On April 3, 2007, Governor Corzine signed the “Property Tax Credits and Levy Caps” and the “CORE Reform” bills, ceremonially marking the culminating accomplishments of the historic Special Legislative Session for Property Tax Reform. Less than a year later, with the submission of the Governor’s proposed budget to the Legislature, it seems the celebration might have been somewhat premature.
We know that many of you have already reached out to your State Legislators and contacted the Governor’s Office, opposing the proposed $190 million municipal property tax relief funding cuts. By explaining your municipality’s budget, your constituents’ service needs and the economies that you have already implemented, you have already made a difference in the debates. For our part, so far, in addition to keeping you informed on the latest developments, we have been doing what we need to do to focus State leaders on the impact of these cuts to municipalities all around the state.
At two meetings in Trenton, we have asked the Governor and other key state policy makers to speak and to listen to you. Governor Corzine, Treasurer Rousseau and Commissioner Doria now better understand the particular problems that these arbitrary cuts will impose. They know that any municipal property tax relief funding cuts may need to be phased in. And they agree that property tax relief needs to be predictable, substantial and sustainable. But they remain committed to cutting state spending.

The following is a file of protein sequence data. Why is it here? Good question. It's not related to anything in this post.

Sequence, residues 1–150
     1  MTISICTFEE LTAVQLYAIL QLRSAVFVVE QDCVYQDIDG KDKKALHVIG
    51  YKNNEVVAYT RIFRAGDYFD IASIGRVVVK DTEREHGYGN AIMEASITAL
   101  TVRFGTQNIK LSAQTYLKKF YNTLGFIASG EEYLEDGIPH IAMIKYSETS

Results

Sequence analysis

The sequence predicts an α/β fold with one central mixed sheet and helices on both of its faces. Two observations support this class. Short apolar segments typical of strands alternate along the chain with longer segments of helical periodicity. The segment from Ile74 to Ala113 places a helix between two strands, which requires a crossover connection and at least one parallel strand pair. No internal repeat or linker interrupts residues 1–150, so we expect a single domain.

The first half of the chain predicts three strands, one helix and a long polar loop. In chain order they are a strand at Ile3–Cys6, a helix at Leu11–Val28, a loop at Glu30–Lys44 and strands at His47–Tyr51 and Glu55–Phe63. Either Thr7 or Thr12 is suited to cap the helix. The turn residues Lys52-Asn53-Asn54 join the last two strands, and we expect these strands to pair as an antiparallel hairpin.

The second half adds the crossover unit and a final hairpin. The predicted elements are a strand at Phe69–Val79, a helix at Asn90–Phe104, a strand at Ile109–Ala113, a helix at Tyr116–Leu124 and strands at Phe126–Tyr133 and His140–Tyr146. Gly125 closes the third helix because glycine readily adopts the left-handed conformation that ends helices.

We have written to the Governor and to all legislators, opposing the cuts. We have written two op-eds and numerous Press Advisories on the topic. Our President, Mayor Bowser, testified before the Assembly Budget Committee. Our First Vice President, Mayor McDonough, and Helmetta Mayor Martin have testified before the Senate Budget and Appropriations Committee in opposition to the cuts. We are coordinating more testimony at future meetings by local officials all around the state. And we have met with many individual Legislators, including the Senate and Assembly Minority Leaders, in opposition to the cuts. On April 17 we had a press conference at the State House to renew our call for property tax relief. The Administration, the Legislature and the State House Press Corps are all now well aware of the problems that would follow the cuts.
We will continue to work with lawmakers in Trenton. If you haven’t already done so, we urge you to work with the League Executive Board Member for your county and your County League and Mayors’ Association to contact your district legislators. We invite you to visit www.njslom.org/2009-budget-main.html for frequent updates on developments. If you need any assistance with this, don’t hesitate to contact our Legislative Relations staff.
Editorial from New Jersey
Municipalities, Volume 85, Number 5, May 2008